Biden administration calls on Russia to free jailed opposition leader Navalny as well as pro-democracy protesters

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Azmi Haroun
·3 min read
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alexei navalny
Alexei Navalny appears in a video published by his team on January 18, 2021. Navalny Live/YouTube
  • The Biden administration called on Russia to release opposition figure Alexei Navalny.

  • The new administration is applying diplomatic pressure on Russia related to Navalny's release and the SolarWinds hack.

  • The New York Times reported that upwards of 3,000 protesters were arrested by Russian authorities as protests spread across the country last week.

  • Visit Business Insider's homepage for more stories.

On Wednesday, the Biden administration strengthened its calls for Russia to release opposition figure Alexei Navalny. He also called for the release of protesters supporting Navalny, who were jailed over the weekend.

"We can both operate in the mutual self-interest of our country as a New START agreement, and make it clear to Russia that we are very concerned about their behavior, whether it's Navalny, whether it's the SolarWinds, or whether it's reports about bounties on the heads of Americans in Afghanistan," President Biden told reporters on Monday.

Biden's comments on Russia represent a stark shift from Trump's political courtship and repeated lack of condemnation of Putin.

At a later press conference, Press Secretary Jen Psaki reiterated the calls for Navalny's release.

"We call on Russian authorities to release all those detained for exercising their universal rights and for the immediate and unconditional release of Alexei Navalny," Psaki told reporters. Over the weekend, the State Department issued a statement condemning Navalny's detention and the mass arrest of protesters.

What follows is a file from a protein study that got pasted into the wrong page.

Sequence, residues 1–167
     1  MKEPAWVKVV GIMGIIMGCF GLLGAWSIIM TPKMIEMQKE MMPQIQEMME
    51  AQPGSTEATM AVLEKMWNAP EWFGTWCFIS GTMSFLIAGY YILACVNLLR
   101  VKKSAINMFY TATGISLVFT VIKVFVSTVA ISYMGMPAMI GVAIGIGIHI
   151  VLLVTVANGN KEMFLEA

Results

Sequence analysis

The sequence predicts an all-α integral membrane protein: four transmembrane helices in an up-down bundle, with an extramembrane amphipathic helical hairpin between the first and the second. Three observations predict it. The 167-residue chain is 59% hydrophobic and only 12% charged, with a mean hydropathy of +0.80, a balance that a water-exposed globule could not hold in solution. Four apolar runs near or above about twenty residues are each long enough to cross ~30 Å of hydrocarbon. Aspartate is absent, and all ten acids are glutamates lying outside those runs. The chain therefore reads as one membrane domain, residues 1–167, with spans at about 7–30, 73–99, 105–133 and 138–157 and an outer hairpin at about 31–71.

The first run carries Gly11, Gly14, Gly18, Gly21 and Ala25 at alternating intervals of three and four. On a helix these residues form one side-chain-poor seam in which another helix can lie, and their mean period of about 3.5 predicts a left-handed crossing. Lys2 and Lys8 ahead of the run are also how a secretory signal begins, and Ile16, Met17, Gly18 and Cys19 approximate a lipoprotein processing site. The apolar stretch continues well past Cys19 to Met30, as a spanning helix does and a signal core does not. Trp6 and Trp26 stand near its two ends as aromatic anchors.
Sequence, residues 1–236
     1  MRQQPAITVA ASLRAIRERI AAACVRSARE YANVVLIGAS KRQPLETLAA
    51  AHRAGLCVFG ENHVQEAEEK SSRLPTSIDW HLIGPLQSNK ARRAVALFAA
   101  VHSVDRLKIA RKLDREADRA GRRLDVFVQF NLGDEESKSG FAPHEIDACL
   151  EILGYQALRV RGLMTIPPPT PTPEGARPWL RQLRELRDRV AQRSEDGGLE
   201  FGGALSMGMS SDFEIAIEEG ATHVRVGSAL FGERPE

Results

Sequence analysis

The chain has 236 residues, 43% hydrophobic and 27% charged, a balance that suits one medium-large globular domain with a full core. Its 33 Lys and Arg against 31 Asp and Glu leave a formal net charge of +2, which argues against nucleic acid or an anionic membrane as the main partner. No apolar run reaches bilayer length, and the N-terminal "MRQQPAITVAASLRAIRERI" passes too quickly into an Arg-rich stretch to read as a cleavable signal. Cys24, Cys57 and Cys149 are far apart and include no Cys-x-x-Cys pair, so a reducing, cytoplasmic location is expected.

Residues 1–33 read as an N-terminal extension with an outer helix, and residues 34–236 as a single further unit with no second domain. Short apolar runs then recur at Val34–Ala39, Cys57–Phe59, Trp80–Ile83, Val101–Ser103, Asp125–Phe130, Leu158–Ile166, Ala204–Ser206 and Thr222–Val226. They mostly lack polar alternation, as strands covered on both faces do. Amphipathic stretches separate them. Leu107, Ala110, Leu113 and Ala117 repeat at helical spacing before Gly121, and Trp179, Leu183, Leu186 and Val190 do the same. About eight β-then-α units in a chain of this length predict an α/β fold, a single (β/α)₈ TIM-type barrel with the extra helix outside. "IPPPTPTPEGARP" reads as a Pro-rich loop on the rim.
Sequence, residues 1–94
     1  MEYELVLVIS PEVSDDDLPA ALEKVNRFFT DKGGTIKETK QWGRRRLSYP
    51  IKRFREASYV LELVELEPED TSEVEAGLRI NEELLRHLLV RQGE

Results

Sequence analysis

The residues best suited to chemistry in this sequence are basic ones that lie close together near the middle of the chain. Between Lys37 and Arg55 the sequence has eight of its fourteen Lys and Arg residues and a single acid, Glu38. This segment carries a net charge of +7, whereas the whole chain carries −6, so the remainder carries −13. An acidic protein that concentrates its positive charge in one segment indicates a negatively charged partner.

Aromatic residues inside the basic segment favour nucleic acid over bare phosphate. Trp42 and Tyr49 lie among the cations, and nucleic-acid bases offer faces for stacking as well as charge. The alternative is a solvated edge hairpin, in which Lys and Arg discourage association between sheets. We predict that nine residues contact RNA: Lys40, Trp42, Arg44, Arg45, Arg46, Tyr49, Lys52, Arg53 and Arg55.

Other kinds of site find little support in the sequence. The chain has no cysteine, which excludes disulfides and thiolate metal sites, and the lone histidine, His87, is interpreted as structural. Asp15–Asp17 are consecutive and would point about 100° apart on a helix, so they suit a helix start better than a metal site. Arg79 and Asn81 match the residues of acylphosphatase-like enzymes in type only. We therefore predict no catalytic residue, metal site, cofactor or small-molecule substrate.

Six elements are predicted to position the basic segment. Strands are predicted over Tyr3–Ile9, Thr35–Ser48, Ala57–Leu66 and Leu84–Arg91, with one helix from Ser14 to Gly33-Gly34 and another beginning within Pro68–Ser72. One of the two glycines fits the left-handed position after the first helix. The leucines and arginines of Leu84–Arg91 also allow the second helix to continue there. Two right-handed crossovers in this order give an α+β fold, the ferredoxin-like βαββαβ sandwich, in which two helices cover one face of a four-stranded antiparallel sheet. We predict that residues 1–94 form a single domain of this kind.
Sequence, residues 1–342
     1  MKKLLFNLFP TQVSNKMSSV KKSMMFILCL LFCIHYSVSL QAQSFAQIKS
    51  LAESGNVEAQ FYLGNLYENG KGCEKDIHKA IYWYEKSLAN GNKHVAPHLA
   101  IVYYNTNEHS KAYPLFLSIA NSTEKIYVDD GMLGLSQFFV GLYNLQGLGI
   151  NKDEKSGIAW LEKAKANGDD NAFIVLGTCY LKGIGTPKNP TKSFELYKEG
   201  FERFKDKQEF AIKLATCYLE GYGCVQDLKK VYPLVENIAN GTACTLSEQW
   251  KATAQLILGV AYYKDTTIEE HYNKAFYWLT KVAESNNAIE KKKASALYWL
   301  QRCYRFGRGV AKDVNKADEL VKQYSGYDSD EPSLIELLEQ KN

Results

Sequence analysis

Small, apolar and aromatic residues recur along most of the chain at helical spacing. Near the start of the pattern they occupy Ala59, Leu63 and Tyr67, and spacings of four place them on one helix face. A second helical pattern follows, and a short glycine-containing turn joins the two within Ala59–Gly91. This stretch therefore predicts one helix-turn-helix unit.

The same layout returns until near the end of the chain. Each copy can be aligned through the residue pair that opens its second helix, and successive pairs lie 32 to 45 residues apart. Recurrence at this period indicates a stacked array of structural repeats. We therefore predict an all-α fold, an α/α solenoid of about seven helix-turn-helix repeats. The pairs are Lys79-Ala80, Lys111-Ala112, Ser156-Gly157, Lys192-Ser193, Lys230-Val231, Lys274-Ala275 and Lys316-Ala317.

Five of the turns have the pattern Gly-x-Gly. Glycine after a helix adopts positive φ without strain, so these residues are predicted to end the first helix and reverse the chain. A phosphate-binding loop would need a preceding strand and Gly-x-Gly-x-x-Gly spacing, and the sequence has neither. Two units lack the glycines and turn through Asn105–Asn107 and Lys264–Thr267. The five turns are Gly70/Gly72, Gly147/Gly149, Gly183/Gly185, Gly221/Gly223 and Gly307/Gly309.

Psaki also called for Russia to "cooperate" with the international investigation into Navalny's poisoning in August 2020, when the opposition leader was poisoned by Novichok, a nerve agent.

Navalny was poisoned in August and fell seriously ill on a flight. He was later transported to Berlin for treatment, where he entered a medically-induced coma and doctors confirmed he was poisoned by a nerve agent.

Outlets like CNN and Bellingcat reported that the Kremlin was behind the attack on Navalny. At the time, Trump said, "It's tragic. It's terrible, it shouldn't happen. We haven't had any proof yet, but I will take a look."

After Navalny returned to Russia last week, he posted a video of his arrest at the airport.

Last week, Russian celebrities posted their support for Navalny, and large-scale protests were held calling for Navalny's release.

The New York Times reported that upwards of 3,000 protesters were arrested by Russian authorities, and in a call with students today, Putin called the protests "illegal."

National security experts told Insider that Navalny's arrest has left Putin in a Catch-22 situation where Navalny has outmaneuvered him, and his release or death could further mobilize people against the government.

Putin spokesman Dmitry Peskov called out the US support for the protests and Navalny's release, saying that the statements, "indirectly constitute absolute interference in our internal affairs." Peskov said the protests across the country were, "unauthorized actions."

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